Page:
Queer Places:
Eton College, Windsor, Windsor and Maidenhead SL4 6DW
University of Cambridge, 4 Mill Ln, Cambridge CB2 1RZ
University of Oxford, Oxford, Oxfordshire OX1 3PA

francis haskell – Luca MozzatiFrancis James Herbert Haskell, FBA (7 April 1928 – 18 January 2000) was an English art historian, whose writings placed emphasis on the social history of art. He wrote one of the first and most influential[1] patronage studies, Patrons and Painters.

Haskell was born on 7 April 1928. He was the son of Arnold Haskell, an influential ballet critic and writer[2] and Vera Saitzoff,[3] daughter of a Russian industrialist.[4] His first language was French, the language shared by his parents, and he was fluent in English, French and Italian.[5] From ages 5 to 8, Francis attended the Lycée Français Charles de Gaulle in London, and then at Eton College.[2] In 1948, after serving in the Royal Army Educational Corps, Haskell matriculated into King's College, Cambridge.[5] He read history before switching to English, and among his tutors were Eric Hobsbawm and Dadie Rylands.[5] At Cambridge, he was a member of the semi-secretive Cambridge Apostles society, a debating club largely reserved for the brightest students.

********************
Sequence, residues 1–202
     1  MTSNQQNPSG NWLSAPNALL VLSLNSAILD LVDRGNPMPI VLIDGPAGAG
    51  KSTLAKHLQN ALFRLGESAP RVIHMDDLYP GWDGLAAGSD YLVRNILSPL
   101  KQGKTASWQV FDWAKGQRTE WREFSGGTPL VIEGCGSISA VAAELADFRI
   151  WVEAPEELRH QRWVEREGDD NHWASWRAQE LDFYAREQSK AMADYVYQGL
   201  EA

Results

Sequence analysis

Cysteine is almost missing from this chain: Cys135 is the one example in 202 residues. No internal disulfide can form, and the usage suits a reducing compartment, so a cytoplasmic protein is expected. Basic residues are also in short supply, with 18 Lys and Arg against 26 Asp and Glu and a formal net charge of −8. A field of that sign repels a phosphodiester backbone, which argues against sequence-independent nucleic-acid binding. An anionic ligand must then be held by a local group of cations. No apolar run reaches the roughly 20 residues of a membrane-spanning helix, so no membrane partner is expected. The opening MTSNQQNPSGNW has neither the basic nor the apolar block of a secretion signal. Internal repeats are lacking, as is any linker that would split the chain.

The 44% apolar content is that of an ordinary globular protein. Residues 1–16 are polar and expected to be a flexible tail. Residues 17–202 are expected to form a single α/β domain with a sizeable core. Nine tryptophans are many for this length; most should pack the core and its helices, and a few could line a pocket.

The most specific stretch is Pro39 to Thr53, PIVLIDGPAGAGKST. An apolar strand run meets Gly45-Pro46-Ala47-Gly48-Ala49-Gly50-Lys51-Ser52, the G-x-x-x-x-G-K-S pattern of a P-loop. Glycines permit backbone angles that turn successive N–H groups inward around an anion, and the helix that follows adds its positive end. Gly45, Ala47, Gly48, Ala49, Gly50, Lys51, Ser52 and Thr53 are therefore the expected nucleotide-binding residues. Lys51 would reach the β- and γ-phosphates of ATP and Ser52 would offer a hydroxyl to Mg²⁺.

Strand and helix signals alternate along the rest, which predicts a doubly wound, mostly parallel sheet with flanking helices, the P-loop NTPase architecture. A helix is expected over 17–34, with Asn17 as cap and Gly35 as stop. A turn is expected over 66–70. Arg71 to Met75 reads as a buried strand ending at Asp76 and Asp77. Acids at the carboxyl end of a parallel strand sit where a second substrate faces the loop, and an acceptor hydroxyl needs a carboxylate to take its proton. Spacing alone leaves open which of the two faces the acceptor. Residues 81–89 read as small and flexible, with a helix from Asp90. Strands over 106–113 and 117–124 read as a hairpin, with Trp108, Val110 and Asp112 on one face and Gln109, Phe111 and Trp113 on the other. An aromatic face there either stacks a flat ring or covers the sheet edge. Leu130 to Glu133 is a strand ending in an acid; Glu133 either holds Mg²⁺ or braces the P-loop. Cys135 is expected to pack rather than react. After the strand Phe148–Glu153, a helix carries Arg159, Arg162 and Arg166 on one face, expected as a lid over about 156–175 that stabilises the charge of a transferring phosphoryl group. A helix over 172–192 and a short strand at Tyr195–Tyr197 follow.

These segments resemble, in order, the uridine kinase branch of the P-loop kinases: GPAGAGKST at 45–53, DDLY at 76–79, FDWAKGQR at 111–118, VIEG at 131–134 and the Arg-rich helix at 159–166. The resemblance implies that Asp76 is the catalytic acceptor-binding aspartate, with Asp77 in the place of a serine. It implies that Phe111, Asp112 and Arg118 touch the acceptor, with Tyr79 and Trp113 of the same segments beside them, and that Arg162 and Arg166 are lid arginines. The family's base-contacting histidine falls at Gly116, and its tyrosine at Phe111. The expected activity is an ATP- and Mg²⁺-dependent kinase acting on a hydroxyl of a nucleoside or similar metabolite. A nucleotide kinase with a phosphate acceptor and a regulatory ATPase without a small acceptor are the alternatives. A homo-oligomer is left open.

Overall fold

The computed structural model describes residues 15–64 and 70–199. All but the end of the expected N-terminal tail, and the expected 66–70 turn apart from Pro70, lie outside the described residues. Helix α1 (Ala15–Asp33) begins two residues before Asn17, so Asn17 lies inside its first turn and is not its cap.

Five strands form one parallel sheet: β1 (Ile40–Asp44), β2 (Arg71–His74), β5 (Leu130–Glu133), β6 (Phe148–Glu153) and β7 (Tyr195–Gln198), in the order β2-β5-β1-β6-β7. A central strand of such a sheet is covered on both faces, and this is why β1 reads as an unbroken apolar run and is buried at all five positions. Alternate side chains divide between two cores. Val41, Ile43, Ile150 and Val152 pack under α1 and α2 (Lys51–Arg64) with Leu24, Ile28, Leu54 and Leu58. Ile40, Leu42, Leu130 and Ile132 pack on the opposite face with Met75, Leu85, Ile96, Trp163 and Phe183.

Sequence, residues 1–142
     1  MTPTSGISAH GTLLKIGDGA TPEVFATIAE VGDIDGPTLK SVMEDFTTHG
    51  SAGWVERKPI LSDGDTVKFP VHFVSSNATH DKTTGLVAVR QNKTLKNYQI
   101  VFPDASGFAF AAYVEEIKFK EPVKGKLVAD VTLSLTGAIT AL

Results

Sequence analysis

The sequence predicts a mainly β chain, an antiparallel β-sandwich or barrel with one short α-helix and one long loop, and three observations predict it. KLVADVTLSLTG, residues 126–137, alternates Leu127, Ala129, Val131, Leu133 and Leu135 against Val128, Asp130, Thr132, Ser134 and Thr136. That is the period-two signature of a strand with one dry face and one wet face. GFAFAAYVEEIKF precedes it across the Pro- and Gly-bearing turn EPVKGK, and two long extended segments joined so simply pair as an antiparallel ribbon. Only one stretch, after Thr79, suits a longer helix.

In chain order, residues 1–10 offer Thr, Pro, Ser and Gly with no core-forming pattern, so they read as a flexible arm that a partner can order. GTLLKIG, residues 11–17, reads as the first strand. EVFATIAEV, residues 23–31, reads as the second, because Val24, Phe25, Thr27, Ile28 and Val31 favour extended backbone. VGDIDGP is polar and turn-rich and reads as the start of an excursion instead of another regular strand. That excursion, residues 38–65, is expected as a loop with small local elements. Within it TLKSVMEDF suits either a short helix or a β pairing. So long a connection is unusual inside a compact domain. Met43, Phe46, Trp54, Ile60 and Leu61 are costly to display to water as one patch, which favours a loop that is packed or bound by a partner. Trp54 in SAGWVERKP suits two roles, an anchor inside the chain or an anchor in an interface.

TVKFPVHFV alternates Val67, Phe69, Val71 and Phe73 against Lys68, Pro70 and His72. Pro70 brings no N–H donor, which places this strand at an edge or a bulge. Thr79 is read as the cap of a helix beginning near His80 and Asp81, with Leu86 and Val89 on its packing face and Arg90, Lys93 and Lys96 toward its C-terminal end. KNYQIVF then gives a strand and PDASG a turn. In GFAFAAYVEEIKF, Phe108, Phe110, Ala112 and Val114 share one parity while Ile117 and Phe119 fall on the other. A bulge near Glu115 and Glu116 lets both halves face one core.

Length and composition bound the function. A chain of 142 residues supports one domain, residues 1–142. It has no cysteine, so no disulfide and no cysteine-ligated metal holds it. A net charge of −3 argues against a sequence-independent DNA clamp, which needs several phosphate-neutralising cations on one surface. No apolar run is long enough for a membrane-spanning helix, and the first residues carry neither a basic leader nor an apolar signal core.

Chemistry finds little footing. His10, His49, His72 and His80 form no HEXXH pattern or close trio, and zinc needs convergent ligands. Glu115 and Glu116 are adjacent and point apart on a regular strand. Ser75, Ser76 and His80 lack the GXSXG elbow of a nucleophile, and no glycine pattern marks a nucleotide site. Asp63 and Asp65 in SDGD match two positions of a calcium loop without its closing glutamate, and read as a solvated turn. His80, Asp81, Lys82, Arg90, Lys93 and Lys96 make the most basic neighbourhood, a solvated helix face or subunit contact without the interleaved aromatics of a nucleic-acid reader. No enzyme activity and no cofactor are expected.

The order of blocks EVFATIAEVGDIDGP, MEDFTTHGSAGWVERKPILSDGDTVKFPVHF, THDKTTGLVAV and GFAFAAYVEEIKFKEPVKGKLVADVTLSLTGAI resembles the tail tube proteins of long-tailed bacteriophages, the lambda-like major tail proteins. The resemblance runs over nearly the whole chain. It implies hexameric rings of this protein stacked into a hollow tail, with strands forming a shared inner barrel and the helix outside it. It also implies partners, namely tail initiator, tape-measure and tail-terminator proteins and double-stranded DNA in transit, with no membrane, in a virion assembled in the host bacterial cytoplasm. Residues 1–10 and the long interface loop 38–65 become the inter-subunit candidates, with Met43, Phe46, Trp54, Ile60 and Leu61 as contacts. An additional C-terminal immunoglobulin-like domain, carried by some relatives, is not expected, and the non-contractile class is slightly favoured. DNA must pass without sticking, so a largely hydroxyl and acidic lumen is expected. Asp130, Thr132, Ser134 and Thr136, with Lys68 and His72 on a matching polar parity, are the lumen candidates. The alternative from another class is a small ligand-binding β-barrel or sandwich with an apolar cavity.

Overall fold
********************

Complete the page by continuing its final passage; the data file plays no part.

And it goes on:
Haskell began his career not in academia but as a junior library clerk in the House of Commons from 1953 to 1954. In 1954, however, he was elected a fellow of the King's College, Cambridge. He was additionally librarian of the Faculty of Fine Arts, University of Cambridge, from 1962 to 1967. In 1967, he was elected Professor of Art History at the University of Oxford, where he remained until his retirement in 1995; the position made him, ex officio a visitor—that is, a trustee—of the Ashmolean Museum. He was additionally a fellow of Trinity College, Oxford, from 1967 to 1995.[2] In November 1971, he was made a member of the British School at Rome for the next three years.[6] He retired from Oxford in 1995, and was made an honorary fellow of his college.[2] He was a trustee of the Wallace Collection from 1976 to 1997. In 1976 Haskell, who often served on advisory committees for museum loan exhibitions, joined the National Art Collections Fund committee and became one of its most vocal members, defending the purchase of Poussin's Rebecca and Eliezar for the Fitzwilliam Museum in Cambridge (the government refused to accept the painting because it had been in the collection of the disgraced Anthony Blunt). Haskell's research focused beyond art works to people that surrounded them, including their patrons and history of the academic study of art.[5] His interest in the circumstances in which paintings were displayed, which reflected the esteem in which they were held and influenced the way they were perceived runs as a leitmotiv through his published work, beginning with an article jointly written with Michael Levey in Arte Veneta, 1958, that was devoted to art exhibitions in eighteenth-century Venice.[7]

His wife, Larissa Salmina, had been a curator at the Hermitage Museum. They married in 1965[8] and lived in Walton Street, Oxford. They did not have any children.[2] Haskell died of liver cancer on 18 January 2000, aged 71.[9]

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